13.3 Influence of topography on a snowfall event in Iqaluit, NU with comparisons to GEM-LAM

Thursday, 23 August 2012: 10:45 AM
Priest Creek C (The Steamboat Grand)
Shannon Elizabeth Fargey, Centre for Earth Observation Science, Winnipeg, MB, Canada; and J. Hanesiak, W. Henson, and R. E. Stewart

This presentation evaluates cloud and precipitation features during a snowfall event in Iqaluit, Nunavut located on Baffin Island. The event was small in accumulation (2.2 mm), but was not captured well by the regional forecast. Better understanding of atmospheric-topographic interactions is critical to improved precipitation forecasting and modeling in the Arctic. Due to a lack of field observations in this region historically, cloud and precipitation characteristics associated with topographic interactions and the seasonal variation of heterogeneous surface conditions (sea ice versus open water) have been identified as significant knowledge gaps. Using data collected as part of the Storm Studies in the Arctic (STAR) research network in November 2007, the first to use both aircraft and ground based radar systems in the eastern Canadian Arctic; observations of high-latitude orographic cloud and precipitation during a fall snowfall event are presented.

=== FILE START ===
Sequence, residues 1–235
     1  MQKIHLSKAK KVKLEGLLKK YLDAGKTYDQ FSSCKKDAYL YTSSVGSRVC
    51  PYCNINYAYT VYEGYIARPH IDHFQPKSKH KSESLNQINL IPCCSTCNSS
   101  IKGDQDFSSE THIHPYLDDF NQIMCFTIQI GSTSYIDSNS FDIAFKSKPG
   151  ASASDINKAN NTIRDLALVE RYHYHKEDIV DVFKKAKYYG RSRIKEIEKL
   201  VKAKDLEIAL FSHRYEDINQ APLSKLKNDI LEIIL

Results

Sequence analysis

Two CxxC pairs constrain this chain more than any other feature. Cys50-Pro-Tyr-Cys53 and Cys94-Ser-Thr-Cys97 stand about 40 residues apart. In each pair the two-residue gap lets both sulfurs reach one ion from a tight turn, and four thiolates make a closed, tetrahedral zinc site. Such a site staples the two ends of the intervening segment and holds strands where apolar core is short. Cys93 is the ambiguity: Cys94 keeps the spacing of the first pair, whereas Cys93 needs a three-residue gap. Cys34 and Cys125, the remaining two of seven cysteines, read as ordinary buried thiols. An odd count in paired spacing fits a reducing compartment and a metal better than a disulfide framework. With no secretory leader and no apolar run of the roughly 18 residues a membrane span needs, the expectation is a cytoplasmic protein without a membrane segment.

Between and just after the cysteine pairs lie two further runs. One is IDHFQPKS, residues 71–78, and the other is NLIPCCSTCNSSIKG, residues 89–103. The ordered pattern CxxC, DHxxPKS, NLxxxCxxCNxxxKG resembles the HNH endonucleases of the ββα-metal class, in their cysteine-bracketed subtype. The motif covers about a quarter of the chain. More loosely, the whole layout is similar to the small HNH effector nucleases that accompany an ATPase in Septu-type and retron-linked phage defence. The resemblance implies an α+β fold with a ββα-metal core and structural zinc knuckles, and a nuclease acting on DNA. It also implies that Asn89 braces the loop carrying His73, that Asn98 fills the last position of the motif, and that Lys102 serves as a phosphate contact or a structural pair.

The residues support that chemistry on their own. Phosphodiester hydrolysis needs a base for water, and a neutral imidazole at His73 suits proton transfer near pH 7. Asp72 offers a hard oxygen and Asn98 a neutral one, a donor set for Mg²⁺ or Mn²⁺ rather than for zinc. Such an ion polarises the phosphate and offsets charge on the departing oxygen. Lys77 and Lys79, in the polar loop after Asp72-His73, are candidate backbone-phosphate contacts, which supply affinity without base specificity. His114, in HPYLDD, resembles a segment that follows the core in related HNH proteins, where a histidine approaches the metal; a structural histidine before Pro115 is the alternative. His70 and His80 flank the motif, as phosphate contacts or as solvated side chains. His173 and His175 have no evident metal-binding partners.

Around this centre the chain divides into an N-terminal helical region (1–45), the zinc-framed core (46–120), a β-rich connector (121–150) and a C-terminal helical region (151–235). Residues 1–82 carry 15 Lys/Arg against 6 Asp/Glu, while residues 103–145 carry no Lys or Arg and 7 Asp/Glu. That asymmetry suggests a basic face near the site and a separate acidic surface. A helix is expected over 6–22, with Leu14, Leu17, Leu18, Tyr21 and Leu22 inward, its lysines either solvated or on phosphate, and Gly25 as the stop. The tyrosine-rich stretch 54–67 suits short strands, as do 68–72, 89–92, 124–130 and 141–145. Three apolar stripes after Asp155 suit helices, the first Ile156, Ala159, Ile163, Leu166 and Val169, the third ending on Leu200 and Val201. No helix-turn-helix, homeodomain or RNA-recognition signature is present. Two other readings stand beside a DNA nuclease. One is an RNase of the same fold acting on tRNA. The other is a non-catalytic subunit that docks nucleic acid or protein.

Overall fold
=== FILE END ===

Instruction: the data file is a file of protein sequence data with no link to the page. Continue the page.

Persistent onshore flow, associated a quasi stationary low-pressure system northwest of Baffin Island, and low-level convective instability, initiated by the sharp contrast between near-surface air and ocean temperatures resulted in moist unstable air to be lifted over the Meta Incognita mountain range (west of Iqaluit). Using a research aircraft, upstream atmospheric conditions on the windward slopes of the topography were investigated. A cloud profiling radar (W-band) mapped the vertical structure (reflectivity and doppler velocity) and drop sonde measurements evaluated the dynamic and thermodynamic conditions. Upslope precipitation was characterized by strong reflectivity values (15-18 dBZ) and high IWC measurements during this event. Vertical velocities were estimated between 1-3 m/s, increasing towards the surface, indicating an increase in particle mass as they fell. Updrafts of 1 m/s in the upper 500 m of the cloud where measured, identifying regions of small-scale convection at cloud top. A ground based X-band radar (located in Iqaluit) was used to analyze the evolution of the system as it transitioned to the lee side of the topographical barrier. Snow fell in Iqaluit for a period 5-hours, reducing the visibility to less than 300 m at times. Vertical cross sections, perpendicular to the terrain, were created by combining Range Height Indicator (RHI) scans from the 135° and 315° azimuths. The profiles revealed that the vertical structure of precipitation was associated with streamers and high reflectivity (20-24 dBZ). Doppler velocity measurements show that there was an increase in the vertical velocity of the hydrometeors as they fell towards the surface. Surface macrophotography indicate that precipitation fell mainly as heavily rimed ice particles, identifying accretion as an important growth mechanism in this case. Radar profiles from the research aircraft indicate that upslope precipitation remained strong on windward slope of the topography for > 4-hours after precipitation stopped falling in Iqaluit. This presentation concludes with a comparison of data collected during this event with the Canadian regional (1-km resolution) forecast model GEM-LAM (Global Environmental Multi-Scale - Limited Area Model). Insights into model strengths and weaknesses in this case are discussed.

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